A CIS-acting Modifier of Age at Diagnosis of Huntington Disease in Black South African Patients

Levesley, J., Baine, F., Ciosi, M. , Maxwell, A. , Monckton, D. G. and Krause, A. (2018) A CIS-acting Modifier of Age at Diagnosis of Huntington Disease in Black South African Patients. EHDN 2018 Plenary Meeting, Vienna, Austria, 14-16 Sep 2018.

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Background: Huntington disease (HD) is a dominantly inherited neurodegenerative disorder, presenting with a movement disorder, cognitive decline and psychiatric complications. HD is caused by the expansion of a CAG repeat tract in exon 1 of the huntingtin gene (HTT). In other repeat expansion disorders, variants within the associated repeat tracts may affect stability, which in turn modifies disease severity. Although sequence variation has been reported within the sequence encoding the HTT polyglutamine and polyproline tract, little is known about its effect on disease. Aim: To determine the sequence diversity precisely within the HTT exon 1 trinucleotide repeat in black South African individuals and assess the effect of sequence variation in modifying disease. Methods/techniques: A sample of black South African individuals (59 patients and 153 controls) was analysed using a specialised high-throughput DNA sequencing assay and data analysis pipeline, specific for the HTT exon 1 repeat. Results/outcomes: Significant diversity was observed in comparison to a European sample of patients, with novel African alleles defined by the description of allele sub-structures. The most common disease allele structure in our patients was associated with the absence of the CCGCCA cassette that precedes the polyproline CCG repeat in typical HD-causing alleles. Regression analysis determined that age at diagnosis was approximately 6 to 13 years earlier in patients carrying HD-causing alleles lacking the CCGCCA cassette. Conclusion: This is the first study to describe allele sequence diversity within the HTT exon 1 repeat in an African population. The absence of the CCGCCA cassette, which appears to be African-specific and associated with an earlier age at diagnosis in African HD patients, is a potential cis-acting modifier of HD onset.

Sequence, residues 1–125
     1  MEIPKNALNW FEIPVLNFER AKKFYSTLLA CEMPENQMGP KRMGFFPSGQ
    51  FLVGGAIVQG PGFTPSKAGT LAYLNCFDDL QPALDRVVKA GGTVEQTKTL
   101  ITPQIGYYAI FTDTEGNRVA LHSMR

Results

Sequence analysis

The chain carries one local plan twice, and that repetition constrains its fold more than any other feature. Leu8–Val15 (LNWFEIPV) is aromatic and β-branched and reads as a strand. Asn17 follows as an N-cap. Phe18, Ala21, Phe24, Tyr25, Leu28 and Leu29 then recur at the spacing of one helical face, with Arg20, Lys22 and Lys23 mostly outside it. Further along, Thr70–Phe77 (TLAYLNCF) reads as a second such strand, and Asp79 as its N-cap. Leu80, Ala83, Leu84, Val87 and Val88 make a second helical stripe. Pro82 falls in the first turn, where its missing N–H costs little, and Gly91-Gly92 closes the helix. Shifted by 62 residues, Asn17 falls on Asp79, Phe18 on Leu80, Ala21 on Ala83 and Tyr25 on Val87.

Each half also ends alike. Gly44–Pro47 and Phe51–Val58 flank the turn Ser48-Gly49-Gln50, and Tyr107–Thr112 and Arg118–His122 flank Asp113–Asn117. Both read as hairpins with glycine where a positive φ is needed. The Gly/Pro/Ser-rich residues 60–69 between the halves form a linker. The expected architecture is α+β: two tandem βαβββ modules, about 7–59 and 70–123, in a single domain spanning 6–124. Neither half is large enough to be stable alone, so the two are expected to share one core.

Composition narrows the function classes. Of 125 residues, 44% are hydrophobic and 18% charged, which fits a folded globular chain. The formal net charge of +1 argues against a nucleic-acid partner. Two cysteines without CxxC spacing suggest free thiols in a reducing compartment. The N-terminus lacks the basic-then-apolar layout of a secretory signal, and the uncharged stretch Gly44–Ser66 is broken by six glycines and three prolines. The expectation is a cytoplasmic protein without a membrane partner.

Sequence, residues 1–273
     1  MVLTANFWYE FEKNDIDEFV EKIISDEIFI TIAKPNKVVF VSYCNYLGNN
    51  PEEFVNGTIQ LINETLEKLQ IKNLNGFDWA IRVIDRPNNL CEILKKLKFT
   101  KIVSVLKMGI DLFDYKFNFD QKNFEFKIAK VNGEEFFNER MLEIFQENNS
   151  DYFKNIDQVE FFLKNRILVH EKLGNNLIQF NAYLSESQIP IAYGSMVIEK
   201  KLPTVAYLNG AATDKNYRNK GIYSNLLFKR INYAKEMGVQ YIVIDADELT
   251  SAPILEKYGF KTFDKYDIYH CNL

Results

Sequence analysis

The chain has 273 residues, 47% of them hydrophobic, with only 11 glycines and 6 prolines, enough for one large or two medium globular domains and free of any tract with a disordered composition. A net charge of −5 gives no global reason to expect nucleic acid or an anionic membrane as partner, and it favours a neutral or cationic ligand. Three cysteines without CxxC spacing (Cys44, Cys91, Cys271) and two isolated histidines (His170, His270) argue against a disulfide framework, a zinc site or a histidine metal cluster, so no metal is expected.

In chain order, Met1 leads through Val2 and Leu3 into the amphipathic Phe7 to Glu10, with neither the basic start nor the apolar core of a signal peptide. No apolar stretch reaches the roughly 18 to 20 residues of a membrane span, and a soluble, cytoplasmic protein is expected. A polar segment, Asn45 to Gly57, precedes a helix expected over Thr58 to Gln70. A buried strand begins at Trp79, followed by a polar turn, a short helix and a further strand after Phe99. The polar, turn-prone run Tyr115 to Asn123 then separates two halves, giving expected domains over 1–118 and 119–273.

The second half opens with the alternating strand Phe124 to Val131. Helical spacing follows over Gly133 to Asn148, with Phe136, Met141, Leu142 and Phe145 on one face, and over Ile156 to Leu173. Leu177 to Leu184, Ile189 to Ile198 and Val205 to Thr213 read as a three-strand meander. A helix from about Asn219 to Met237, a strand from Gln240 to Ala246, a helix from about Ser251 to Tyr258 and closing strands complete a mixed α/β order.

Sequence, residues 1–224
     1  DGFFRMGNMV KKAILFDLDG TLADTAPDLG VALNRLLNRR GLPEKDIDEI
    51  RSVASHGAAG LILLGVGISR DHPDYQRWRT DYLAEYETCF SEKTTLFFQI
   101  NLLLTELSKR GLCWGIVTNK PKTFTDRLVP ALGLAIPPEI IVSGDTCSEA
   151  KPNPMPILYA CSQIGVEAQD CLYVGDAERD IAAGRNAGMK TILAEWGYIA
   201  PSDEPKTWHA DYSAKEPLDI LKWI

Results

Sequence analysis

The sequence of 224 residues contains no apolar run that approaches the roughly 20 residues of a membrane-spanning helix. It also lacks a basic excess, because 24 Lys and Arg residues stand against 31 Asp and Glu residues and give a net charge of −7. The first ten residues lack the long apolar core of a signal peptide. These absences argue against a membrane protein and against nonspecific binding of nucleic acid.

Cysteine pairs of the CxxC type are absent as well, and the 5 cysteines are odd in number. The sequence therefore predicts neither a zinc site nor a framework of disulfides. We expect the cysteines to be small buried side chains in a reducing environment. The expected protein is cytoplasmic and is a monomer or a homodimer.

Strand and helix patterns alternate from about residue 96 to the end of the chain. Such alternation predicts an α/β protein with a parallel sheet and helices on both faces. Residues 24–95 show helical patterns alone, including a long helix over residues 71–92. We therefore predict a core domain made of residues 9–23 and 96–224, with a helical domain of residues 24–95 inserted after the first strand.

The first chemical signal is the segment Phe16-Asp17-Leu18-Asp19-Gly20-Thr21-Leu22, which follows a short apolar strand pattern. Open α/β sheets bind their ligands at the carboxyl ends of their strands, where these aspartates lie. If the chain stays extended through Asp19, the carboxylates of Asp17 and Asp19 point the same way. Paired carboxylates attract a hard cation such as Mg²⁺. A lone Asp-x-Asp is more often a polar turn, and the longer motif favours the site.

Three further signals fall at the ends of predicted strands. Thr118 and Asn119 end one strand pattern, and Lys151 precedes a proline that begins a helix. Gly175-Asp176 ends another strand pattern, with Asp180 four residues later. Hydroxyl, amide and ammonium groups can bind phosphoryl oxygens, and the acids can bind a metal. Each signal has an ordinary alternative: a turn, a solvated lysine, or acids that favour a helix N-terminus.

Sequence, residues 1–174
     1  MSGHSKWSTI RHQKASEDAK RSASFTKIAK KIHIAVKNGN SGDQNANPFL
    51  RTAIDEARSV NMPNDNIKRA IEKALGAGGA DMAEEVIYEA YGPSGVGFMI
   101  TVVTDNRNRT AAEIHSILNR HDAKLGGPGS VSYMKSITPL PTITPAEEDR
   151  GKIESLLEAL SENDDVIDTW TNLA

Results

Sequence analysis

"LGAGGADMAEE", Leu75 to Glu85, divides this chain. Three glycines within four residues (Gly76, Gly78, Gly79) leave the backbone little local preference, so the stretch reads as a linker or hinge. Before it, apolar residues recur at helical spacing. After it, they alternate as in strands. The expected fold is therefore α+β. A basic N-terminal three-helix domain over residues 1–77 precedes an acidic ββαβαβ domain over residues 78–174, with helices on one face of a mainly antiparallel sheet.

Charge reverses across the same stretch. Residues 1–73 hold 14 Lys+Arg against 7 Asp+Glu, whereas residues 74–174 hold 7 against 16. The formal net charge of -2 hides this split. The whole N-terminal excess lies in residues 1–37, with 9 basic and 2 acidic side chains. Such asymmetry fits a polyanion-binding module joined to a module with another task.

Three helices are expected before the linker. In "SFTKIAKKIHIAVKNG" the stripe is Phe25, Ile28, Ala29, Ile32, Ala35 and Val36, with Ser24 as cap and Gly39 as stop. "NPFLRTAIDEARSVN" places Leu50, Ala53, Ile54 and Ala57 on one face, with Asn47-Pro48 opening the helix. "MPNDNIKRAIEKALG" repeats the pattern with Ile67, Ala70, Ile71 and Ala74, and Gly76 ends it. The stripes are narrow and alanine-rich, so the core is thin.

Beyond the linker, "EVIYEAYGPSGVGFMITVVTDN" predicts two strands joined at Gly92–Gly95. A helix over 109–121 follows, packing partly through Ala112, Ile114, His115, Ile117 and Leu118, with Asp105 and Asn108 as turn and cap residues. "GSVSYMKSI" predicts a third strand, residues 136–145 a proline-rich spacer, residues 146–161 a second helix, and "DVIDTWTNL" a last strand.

Item Type:Conference or Workshop Item
Additional Information:Abstract published in Journal of Neurology, Neurosurgery and Psychiatry 89(S1):A27-A28.
Glasgow Author(s) Enlighten ID:Levesley, Jessica and Maxwell, Mr Alastair and Monckton, Professor Darren and Ciosi, Dr Marc
Authors: Levesley, J., Baine, F., Ciosi, M., Maxwell, A., Monckton, D. G., and Krause, A.
College/School:College of Medical Veterinary and Life Sciences > Institute of Molecular Cell and Systems Biology

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